Lee Kuan Yew, Singapore's first prime minister and the man credited with creating modern Singapore, was involved in the country's politics since Singapore separated from Malaysia in 1965.
Just as Singapore has felt his presence as a constant throughout the years, so too has his office. When TIME's Zoher Abdoolcarim, Simon Elegant and Michael Elliott visited with Lee over the course of two days in the fall of 2005, they observed that he had occupied the same rooms since the 1970s.
But that didn't mean that Lee Kuan Yew was stuck in the past. In fact, during that interview he offered up his views on some of the most newsworthy issues of the day, from the rise of China to the threat of radical Islam. And though he admitted some faults — he should have fostered free enterprise more, he said — he was defiant in the face of other criticisms: "I'm not guided by what Human Rights Watch says. I am not interested in ratings by Freedom House or whatever. At the end of the day, is Singapore society better or worse off? That's the test. What are the indicators of a well-governed society? Look at the humanities index in last week's Economist, we're right on top," he told TIME.
And no matter what one thinks of Lee's record, it's hard to argue that he didn't earn the right to his opinion. As TIME pointed out:
Lee can be forgiven for lifting his eyes to the horizon. Once the subject of withering criticism from human-rights groups for his authoritarian ways and intolerance of dissent, he is now widely acknowledged as Asia's most respected senior statesman. Others may pen lengthy memoirs and seek to use their years on the world stage to tout their punditry and powers of prediction. Some can even lay claim to having guided far larger countries or served as leaders for longer than Lee. But Lee is unique. It is not just that his cold-eyed, totally nonideological analysis has set him apart from other observers of Asia. There is another factor that is just as important an explanation of Lee's influence. From his days as a clerk and a black-market broker during the brutal Japanese occupation of Singapore — which he was lucky to survive — through his years as an agitator for independence from Britain, from his time spent talking to the Americans during the Vietnam years to his role as a confidant of China's leadership, Lee has seen it all. He has been a participant observer of the most significant historical shift of our times — the steady ascent of Asia, home to 60% of the world's population, from the twin shames of Western colonialism and poverty to its coming economic and political dominance. Everyone who lives in Asia today thinks they are watching history being made; Lee Kuan Yew is one of those who can say, without fear of contradiction, that he helped make it.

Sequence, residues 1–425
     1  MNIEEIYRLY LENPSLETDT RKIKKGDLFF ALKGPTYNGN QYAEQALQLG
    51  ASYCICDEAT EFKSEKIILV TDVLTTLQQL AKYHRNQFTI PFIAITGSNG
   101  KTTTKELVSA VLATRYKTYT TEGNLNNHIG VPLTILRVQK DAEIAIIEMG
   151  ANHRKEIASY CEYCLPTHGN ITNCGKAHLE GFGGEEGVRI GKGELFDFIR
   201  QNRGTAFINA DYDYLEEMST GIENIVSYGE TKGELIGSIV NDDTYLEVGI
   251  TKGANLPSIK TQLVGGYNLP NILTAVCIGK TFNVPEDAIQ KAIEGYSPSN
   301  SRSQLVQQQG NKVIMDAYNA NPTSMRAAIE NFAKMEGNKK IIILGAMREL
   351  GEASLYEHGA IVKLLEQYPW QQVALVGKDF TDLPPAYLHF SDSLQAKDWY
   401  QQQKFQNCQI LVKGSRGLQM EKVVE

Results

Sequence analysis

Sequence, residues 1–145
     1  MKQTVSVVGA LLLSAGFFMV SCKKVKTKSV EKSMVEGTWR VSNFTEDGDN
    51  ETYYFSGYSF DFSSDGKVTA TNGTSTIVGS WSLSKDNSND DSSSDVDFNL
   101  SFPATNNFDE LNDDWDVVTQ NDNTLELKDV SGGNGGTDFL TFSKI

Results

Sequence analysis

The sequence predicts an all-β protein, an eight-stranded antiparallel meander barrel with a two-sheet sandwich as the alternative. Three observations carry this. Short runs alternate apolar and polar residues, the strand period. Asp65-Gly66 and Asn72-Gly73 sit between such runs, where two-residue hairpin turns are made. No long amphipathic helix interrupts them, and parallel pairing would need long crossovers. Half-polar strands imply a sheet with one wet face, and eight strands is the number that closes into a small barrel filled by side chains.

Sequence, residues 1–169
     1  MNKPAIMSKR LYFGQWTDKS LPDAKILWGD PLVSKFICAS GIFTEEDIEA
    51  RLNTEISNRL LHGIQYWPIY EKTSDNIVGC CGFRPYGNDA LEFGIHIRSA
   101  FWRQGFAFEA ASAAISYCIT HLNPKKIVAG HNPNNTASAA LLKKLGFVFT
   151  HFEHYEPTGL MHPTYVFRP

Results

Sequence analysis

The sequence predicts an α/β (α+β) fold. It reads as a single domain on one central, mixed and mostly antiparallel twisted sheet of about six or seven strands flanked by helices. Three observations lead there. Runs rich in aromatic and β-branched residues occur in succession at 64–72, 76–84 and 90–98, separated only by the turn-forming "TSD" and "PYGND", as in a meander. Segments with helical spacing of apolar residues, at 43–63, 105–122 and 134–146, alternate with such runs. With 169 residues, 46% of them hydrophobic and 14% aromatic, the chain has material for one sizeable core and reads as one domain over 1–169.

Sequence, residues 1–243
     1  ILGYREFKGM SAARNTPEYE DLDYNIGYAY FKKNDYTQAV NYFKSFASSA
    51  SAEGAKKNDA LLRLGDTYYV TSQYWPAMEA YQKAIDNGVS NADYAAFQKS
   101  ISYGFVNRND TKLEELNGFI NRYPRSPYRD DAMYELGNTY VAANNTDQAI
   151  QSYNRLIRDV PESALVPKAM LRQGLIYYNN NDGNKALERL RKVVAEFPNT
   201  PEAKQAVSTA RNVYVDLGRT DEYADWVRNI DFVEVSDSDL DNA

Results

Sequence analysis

Read the full interview with Lee Kuan Yew, here in the TIME archives: Lee Kuan Yew Reflects
Read TIME's take on the interview, here in the TIME archives: The Man Who Saw It All